Last safe haven for savers under threat

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Piggy bank ISAs on the whole are a sturdy place to keep your money and unlike their cousins the pension, the taxman has always kept away from tinkering with this failsafe wrapper. Until now, that is.

Not content with allowing cash ISA rates to plummet to pitiful levels, there is word on the block that the taxman wants to encroach on this sacred, tax-free hiding place for the little money people have to save these days.




Apparently it's decided that the rise of the 'ISA millionaire' is justification enough to take a look at the tax regime and even consider a £100,000 ISA cap.

The government is in short, worried that people are going to get rich and not pay tax on it – sorry not risk paying MORE tax on their money because of course ISA savings have already been taxed once as income.

These ISA millionaires aren't the 'filthy rich' that everyone is so keen to put down, they're normal people who have had the intelligence and means to use up their, not excessive, ISA allowance each year.

A lifetime cap on ISAs would be an insult to the millions of savers out there squirrelling money away, many using ISAs for their retirement after losing all faith with the constant tinkering about pensions. Not to mention that it could also result in political suicide.

Savers have turned to ISAs because they are falling out of love with pensions, which are seen as restrictive and prone to change so by restricting ISA saving the government would most likely be doing many people out of a decent retirement.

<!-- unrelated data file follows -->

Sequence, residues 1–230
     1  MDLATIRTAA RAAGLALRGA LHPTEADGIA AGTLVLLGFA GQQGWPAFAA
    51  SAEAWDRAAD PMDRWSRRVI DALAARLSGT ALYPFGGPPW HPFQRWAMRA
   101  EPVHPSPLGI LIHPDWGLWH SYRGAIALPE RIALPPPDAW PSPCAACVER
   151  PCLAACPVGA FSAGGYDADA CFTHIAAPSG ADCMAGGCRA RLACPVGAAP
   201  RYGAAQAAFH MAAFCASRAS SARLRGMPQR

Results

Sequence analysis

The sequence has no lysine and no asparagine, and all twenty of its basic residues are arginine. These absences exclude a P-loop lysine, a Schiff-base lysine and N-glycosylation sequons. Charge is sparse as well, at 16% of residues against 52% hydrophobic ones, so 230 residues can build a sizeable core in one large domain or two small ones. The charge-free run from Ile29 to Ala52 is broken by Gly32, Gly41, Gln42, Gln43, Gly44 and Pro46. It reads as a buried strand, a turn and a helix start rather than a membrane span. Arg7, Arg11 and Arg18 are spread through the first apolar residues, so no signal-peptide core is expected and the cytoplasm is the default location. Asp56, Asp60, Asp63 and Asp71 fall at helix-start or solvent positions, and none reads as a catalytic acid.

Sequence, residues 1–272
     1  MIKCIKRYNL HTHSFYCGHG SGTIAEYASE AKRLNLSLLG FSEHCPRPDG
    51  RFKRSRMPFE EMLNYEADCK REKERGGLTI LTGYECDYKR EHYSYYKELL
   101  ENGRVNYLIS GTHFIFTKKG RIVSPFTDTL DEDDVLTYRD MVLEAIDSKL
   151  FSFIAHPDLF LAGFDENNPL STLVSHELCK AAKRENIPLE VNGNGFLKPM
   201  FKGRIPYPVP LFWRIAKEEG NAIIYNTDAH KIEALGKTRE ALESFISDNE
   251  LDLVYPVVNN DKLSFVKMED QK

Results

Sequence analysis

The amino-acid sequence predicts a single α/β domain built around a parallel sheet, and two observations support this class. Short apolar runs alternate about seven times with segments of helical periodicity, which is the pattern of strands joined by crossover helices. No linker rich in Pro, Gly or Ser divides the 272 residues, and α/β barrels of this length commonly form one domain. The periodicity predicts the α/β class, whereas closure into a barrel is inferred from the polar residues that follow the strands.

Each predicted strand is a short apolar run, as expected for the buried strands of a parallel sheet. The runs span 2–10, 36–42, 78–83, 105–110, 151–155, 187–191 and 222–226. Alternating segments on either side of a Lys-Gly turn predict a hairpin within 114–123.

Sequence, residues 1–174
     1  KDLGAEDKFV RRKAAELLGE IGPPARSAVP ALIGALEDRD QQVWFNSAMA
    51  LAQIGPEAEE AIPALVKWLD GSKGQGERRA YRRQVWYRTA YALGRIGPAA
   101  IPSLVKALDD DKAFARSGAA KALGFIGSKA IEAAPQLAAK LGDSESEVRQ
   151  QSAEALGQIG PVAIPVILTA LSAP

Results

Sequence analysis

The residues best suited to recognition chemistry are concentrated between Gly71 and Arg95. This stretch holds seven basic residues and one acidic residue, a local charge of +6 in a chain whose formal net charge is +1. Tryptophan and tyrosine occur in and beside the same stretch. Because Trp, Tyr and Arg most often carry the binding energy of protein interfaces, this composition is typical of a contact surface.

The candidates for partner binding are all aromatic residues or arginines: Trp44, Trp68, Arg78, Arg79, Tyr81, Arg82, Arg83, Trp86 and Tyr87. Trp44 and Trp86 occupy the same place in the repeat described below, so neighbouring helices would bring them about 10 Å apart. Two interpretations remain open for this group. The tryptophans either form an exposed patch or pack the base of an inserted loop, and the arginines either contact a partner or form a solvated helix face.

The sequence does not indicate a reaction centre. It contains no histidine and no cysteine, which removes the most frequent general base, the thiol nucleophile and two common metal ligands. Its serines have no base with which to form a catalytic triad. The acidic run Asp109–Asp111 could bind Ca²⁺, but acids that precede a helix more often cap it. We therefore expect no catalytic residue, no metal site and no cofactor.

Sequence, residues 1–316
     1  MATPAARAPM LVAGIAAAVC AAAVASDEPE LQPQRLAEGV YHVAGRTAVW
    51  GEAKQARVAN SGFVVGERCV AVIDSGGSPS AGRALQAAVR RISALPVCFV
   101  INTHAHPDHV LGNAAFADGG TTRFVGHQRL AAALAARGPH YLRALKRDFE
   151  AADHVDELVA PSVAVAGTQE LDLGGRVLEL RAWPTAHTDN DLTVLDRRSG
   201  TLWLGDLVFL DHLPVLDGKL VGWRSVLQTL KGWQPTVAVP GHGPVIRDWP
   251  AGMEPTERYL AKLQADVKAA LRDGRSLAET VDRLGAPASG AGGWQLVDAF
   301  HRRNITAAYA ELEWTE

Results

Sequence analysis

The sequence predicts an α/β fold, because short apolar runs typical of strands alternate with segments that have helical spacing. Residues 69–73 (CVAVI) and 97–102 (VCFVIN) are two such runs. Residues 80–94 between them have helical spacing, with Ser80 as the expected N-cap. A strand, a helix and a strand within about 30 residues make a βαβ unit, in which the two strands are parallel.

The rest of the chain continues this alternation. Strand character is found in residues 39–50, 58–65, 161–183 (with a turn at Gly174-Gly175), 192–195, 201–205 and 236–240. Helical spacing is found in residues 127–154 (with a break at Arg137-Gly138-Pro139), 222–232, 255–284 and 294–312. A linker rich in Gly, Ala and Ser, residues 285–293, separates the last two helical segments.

While trying to promote the 'strivers' not the 'skivers' in its welfare cuts but simultaneously contemplating lassoing ISA savings the government is doubling back on its rhetoric of being a party of rewarding those who work hard.

In fact it is the party that wants you to work hard so it can then back you into a corner with spurious and ill-thought out attempts at capping savings, stopping you providing for yourself in retirement and finding ways to diddle those with some foresight to save out of their hard-earned cash.

I hope that the idea has solely been dreamt up by a bureaucrat who had nothing better to do that week rather than a serious policy that the Treasury is considering.

The ISA is the last bastion of savers and to start moving the goalposts would have disastrous effects for millions of households.